First published in 1974, and available for free online, Changing Images of Man is a kind of philosophical reflection on science and how human beings understand themselves. While it does touch on some interesting ideas, the degree to which it is fundamentally lacking in rigour or discipline means that it is also choked with nonsense, impenetrable jargon, and pointless speculation. In short, it does not have the feel of a text whose ideas have been borne out by subsequent history. Rather, it is more like a monument to a kind of faddishness that has long since become dated, though elements endure in the more superstitious aspects of contemporary culture.
Much of the book concerns environmental issues: specifically, how human civilization can cease to be such a destructive force, and how ecology is affecting science in general. Neither discussion is very satisfying. The former discussion focuses on a kind of caricatured extension of the Beatles going to India to lean yoga and discover themselves. While significant transformations in human behaviours and self-understanding may well be necessary to generate a sustainable society, the perspective on those changes offered in this work doesn’t seem either plausible or compelling to me. The latter discussion exaggerates the degree to which the study of complex dynamic systems challenges the practice of science: while they are certainly more challenging to study scientifically than systems that are more easily broken down and understood in terms of constituents, science is nonetheless proving increasingly capable of dealing with complex systems like climate and ecosystems, and is doing so without the kind of radical extension and modification endorsed by this book.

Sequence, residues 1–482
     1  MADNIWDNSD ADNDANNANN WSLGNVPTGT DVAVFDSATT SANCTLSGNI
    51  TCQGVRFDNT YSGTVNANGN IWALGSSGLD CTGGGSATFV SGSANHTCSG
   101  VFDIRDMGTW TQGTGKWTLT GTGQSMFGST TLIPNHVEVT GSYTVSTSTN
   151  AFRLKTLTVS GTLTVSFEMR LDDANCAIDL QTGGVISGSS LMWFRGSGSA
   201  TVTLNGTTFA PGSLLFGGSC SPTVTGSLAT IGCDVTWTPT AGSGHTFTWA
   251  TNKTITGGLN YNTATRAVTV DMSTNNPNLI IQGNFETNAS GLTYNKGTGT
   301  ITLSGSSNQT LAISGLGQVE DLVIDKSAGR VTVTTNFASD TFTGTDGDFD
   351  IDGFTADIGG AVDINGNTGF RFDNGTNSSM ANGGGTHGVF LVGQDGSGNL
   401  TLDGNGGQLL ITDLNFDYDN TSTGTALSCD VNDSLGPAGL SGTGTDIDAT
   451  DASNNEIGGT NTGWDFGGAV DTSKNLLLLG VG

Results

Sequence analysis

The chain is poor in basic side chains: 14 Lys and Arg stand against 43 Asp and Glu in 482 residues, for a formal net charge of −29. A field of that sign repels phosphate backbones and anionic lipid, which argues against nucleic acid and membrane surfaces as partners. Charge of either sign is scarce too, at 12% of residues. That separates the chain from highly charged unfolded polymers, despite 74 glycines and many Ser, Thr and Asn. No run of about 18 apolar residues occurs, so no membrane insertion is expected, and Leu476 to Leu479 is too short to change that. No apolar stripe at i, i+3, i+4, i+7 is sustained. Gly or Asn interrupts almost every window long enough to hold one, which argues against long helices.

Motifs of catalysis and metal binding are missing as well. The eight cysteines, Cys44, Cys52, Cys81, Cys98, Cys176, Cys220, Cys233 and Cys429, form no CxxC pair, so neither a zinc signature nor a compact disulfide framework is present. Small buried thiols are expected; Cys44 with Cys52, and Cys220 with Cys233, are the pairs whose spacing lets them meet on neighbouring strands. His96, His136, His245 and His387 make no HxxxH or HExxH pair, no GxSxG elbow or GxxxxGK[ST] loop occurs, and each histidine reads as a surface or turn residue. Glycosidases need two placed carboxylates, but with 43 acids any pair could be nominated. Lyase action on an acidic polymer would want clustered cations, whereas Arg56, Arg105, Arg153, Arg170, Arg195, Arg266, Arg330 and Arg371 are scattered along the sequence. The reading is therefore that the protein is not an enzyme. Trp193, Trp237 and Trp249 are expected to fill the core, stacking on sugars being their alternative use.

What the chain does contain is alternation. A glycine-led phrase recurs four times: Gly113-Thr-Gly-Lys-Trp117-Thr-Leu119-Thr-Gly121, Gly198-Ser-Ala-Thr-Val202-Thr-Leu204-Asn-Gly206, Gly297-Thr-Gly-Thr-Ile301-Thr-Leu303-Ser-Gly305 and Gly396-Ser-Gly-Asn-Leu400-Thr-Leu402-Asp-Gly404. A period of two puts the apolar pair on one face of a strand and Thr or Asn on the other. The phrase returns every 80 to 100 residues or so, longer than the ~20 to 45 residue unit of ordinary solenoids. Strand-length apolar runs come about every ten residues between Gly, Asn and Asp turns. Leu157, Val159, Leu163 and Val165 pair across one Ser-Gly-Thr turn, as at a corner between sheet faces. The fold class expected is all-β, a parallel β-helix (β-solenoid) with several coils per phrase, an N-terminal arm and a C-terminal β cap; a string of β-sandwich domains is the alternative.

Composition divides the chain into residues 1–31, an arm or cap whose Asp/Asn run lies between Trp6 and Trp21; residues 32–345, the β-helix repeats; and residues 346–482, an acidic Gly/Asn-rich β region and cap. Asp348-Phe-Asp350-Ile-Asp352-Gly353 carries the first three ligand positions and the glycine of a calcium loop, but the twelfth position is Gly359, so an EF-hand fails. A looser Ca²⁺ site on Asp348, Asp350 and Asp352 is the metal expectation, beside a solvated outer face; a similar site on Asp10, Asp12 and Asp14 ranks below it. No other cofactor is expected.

Much of the book is no more comprehensible than a random string of pompous-sounding words strung together in a grammatical way. It seems telling that the chapter on ‘feasibility’ is the least accessible and comprehensible of the lot. The report perceives a crisis in science that I don’t think existed at the time it was written, and I do not think has emerged since. Complex phenomenon are being grappled with using enhanced versions of conventional techniques, while UFOs and psychic phenomena have been effectively rejected as quackery, due to the absence of any good evidence for their existence. Basically, Changing Images of Man is an exhortation to abandon rigorous thought in favour of a kind of wooly inclusiveness, exceedingly open to ideas that are too vague to really engage with. The book has a naive counterculture tone, overly willing to reject what is old and unthinkingly embrace novel concepts that register with a 1960s/1970s mindset. While the questions it considers are generally good and important ones, the answers provided are vague, preachy, and largely useless.